During the Game Developers Conference in San Francisco this year, attendees of the GDC Audio Track were treated to not one, but two sessions on how to break into the industry as a game audio professional. Since this is always a topic of intense interest, I thought I’d use this blog entry to sum up some of the ideas from those two sessions. Hopefully some of this information will prove useful!
First, let’s look at the basic details about those two GDC talks.
Amongst the many different speakers at the two presentations, there were a lot of ideas and strategies put forward about ways to break into game audio development. A few common themes definitely rose to the surface, and I’ll go over those here:
You gotta have good connections.
The importance of friendships and relationships was an oft repeated idea at these talks. When the members of the “Landing Your First Game” panel were asked about how they got their first gig, they all said that they owed it to a referral from a friend. Likewise, the Audio Bootcamp talk stressed the importance of making friendships during in-person meetings and conferences.
According to the speakers, it’s important to simply hang out with game audio pros in a low-pressure environment in which prospective gigs aren’t discussed at all. Taking the opportunity to form friendships without pursuing career objectives was considered the best approach for an aspiring game audio professional attending a conference or convention. The speakers suggested that opportunities would eventually surface from these friendly relationships, but patience would be required, and years might pass before any of these relationships lead to a game audio gig. I can confirm from my own experience that maintaining relationships is vitally important, and that a friendly acquaintance can lead to a game audio job years down the line.
At this point, I should probably mention that a certain aspect of my early career experience would be considered highly atypical – I landed my first gig by doing something that the speakers labeled as a “cold-call.” According to the speakers, a “cold-call” is a phone call or an e-mail sent to someone who is essentially a stranger. This isn’t supposed to be a successful approach, and the speakers strongly advised against cold-calling… but that’s what I did. I sent an e-mail to a music supervisor who didn’t know me, and I introduced myself and asked about music opportunities at that company. This led to my first game job, as a composer on the music composition team of God of War from Sony Computer Entertainment America. My experience in respect to the “cold call” seems to be the exception that proves the rule, according to the speakers at these two presentations.
Be willing to negotiate, or to work for free
One of the speakers told a story about breaking into the industry by donating music for free to a mod. A “mod” is a modification to the program code of a retail game by an indie team, resulting in a new game that requires players to own the original retail game in order to play the modification. Since a mod team typically consists of hobbyists with little or no budget, creating music for a mod is usually a charitable endeavor on the part of the composer. At one point, an audience member asked how long any aspiring game composer should donate their services before finally resolving not to work for free anymore. The response was that free work can continue throughout an audio professional’s career – this kind of free work was referred to as a “passion project.” When we become uncomfortable with working for free, however, the time has come to negotiate for compensation.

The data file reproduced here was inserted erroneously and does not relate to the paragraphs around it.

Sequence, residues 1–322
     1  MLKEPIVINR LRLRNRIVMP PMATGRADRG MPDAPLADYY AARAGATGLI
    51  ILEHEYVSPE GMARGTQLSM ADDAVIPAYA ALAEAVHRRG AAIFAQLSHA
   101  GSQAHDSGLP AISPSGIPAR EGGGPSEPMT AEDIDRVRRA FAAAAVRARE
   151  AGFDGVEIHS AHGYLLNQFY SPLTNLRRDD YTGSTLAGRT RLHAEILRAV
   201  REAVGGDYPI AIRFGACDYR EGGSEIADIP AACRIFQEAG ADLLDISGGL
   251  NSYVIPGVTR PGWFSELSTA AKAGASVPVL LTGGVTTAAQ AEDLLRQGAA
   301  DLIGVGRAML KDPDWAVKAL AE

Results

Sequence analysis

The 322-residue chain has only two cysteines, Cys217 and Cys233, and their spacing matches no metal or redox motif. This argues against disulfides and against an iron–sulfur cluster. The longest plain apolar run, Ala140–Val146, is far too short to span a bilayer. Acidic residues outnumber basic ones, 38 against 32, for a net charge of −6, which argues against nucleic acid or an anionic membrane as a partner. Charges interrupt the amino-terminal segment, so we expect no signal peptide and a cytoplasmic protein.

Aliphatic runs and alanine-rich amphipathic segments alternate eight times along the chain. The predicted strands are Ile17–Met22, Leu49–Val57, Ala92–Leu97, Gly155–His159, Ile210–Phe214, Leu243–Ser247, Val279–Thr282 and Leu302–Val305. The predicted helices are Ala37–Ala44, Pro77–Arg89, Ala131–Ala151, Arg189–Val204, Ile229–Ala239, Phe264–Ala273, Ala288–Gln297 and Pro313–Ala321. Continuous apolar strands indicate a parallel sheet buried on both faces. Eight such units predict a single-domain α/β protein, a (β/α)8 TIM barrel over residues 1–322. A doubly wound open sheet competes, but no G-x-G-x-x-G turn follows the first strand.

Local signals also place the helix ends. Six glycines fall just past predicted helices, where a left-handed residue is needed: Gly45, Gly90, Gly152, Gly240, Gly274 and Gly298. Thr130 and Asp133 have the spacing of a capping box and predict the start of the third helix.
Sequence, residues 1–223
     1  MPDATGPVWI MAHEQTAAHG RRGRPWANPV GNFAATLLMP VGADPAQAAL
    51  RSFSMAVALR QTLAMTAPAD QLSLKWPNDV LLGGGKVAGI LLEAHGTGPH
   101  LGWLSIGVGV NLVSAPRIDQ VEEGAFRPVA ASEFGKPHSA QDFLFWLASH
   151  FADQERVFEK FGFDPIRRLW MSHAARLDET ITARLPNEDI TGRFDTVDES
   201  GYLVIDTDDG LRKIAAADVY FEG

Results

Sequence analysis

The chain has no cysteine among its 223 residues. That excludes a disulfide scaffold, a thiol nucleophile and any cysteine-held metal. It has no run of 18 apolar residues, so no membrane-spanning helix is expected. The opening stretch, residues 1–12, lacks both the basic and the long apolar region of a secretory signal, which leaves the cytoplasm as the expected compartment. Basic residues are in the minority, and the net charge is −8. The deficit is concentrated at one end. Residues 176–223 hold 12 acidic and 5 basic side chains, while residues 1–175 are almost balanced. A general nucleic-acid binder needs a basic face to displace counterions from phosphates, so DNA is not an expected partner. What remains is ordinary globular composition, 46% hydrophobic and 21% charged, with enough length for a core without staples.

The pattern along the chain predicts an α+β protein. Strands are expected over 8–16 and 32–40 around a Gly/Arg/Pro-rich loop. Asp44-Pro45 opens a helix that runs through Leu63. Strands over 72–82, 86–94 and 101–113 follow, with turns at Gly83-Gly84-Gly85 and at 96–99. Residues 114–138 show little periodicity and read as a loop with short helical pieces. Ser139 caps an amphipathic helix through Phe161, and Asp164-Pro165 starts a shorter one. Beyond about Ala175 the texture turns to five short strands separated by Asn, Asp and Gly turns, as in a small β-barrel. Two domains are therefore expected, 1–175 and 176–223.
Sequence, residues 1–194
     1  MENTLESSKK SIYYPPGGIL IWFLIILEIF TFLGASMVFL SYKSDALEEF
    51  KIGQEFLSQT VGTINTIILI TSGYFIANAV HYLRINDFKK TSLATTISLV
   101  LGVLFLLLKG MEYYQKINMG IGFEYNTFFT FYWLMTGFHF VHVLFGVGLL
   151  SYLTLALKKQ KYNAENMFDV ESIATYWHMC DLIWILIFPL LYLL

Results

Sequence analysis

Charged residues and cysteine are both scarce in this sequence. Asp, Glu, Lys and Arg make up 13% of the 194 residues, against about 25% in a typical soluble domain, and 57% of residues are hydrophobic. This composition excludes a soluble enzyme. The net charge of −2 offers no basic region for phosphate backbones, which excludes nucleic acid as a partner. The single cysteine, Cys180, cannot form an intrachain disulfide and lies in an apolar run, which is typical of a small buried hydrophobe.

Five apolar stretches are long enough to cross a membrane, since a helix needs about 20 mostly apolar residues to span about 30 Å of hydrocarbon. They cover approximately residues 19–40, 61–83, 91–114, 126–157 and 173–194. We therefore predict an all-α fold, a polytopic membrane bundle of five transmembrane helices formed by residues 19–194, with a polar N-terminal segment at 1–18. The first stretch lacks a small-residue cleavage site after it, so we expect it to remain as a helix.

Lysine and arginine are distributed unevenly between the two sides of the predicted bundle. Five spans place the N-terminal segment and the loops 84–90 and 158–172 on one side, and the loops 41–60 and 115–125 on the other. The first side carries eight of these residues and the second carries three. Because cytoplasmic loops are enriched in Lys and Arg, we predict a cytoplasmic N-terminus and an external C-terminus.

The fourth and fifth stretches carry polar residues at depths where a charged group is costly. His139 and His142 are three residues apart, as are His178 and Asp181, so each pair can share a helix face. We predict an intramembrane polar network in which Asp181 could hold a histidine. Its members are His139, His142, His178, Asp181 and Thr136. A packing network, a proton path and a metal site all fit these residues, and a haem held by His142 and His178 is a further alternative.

Both presentations spent considerable time discussing compensation structures that diverged from traditional rate-per-minute work-for-hire agreements. Licensing agreements were mentioned repeatedly during both talks, which might (or might not) include participation in the “back end” revenue that the video game would earn once it was released. Also under discussion was the possible retention of the rights to release a soundtrack album and collect its earnings. This trend seemed to indicate that offering an agreement that would require less money from the developer up-front might convince the developer to pay something, rather than nothing, and that this might help the aspiring audio pro to secure their first paying gig.
On a personal note, I donated music to a “mod” early in my career. Although it allowed me to gain a bit of experience as a game composer, I didn’t enjoy any particular career advantages for having done so. However, the mod I scored ended up as vaporware (i.e. unreleased), which underlines the importance of evaluating the mod project in order to estimate whether the mod is likely to be finished or not. I talk about this experience, along with several of my other early game projects, in my book.
Lately, I’ve heard a lot of buzz about licensing agreements in the game industry, and I imagine that it might be a viable alternative for new game audio folks looking to transition from free gigs to paying work. However, according to the latest Game Audio Industry Survey conducted by GameSoundCon, only 12% of professionally produced indie games allow composers to license their music rather than selling the rights on a work-for-hire basis. Most of the game development teams open to music licensing would be characterized as “not professionally produced,” according to the language in the Game Audio Industry Survey.
Some final thoughts
The speakers mentioned several conferences and other resources for the aspiring game composer, which I’ve listed below:
Also, just as an addendum, audio designer Will Morton, best known for his work on the Grand Theft Auto games, has recently published an article on Gamasutra.com called “Make Some Noise! Getting a Job Creating Sound and Music for Videogames.” The article offers lots of interesting advice and personal anecdotes from industry pros.